How IT cabinets protect against EMPs
It is possible to install IT cabinets or server safes which shield servers from the irreparable damage an EMP causes.
These effectively work as a Faraday cage. A Faraday cage, named after 19th century English scientist, Michael Faraday, is simply an enclosure which blocks electromagnetic fields.
When installing such a cabinet or server safe, make sure it is officially and independently certified for EMP protection. This means it is constructed in such a way as to cancel out the effect of the EMP's field and prevent attached electrical cables from failing.
Additional Benefits of EMP Safes
Safes or cabinets which negate the effects of an EMP coming from outside have an added advantage. They also prevent the electromagnetic signals which are generated by electronic equipment from being detected.
This helps in the battle against industrial espionage and so-called "signals intelligence" — a way of stealing information by remotely intercepting the electromagnetic signals emitted by a server.
Damage to electronics and IT systems
EMPs have a crippling effect on the circuits we rely upon in modern electronics.
All forms of electronics — in fact anything that is powered by an electrical transmission — which are not given the right protection, are effectively rendered useless by an EMP.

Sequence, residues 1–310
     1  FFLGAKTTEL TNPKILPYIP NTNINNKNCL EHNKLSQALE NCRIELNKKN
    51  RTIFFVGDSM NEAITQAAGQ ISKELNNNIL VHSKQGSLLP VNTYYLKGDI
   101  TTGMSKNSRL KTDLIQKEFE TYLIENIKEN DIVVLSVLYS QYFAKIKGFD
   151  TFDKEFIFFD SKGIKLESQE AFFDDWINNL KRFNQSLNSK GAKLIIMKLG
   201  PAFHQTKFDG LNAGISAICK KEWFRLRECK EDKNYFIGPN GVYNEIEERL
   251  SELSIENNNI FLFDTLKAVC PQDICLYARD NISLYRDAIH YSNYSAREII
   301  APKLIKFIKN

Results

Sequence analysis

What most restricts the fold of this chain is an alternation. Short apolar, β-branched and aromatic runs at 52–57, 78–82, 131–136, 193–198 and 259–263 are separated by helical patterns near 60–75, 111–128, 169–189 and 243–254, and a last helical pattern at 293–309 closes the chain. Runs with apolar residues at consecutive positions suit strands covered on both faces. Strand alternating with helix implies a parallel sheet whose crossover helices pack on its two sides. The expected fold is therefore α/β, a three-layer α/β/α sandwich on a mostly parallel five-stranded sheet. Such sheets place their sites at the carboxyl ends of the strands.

As the powerful pulse passes through a metal object, like a phone, computer or server, a "rogue current of electricity" is produced which disrupts or destroys the circuits within.
Furthermore, according to Business Insider, "the power grid, phone and internet lines, and other infrastructure that uses metal may also be prone to the effects, which resemble those of a devastating geomagnetic storm".
Here an electromagnetic pulse can cause power transmission or telecommunications equipment to overload and fail.
Sources of EMPs
An electromagnetic pulse is short-duration burst of electromagnetic radiation which can occur naturally or be man-made.
- Electrostatic discharge — resulting from two charged objects coming into contact or being close to one another.
- Meteor — can cause an EMP on impact with a space vessel or when passing through the Earth's atmosphere.
- Coronal mass ejection — a huge release of magnetised plasma from the outermost part of the sun's atmosphere.
- Nuclear weapons — as the result of a nuclear bomb or a nuclear EMP weapon designed to maximise EMP effects as the primary means of causing damage. Are also weaponised as high-altitude warheads designed to be detonated far above the Earth's surface to produce EMPs.
- Non-nuclear EMP weapons — devices that create EMPs without the use of nuclear technology.
- Power line surge — relatively weak but will damage electronic equipment with insufficient protection.
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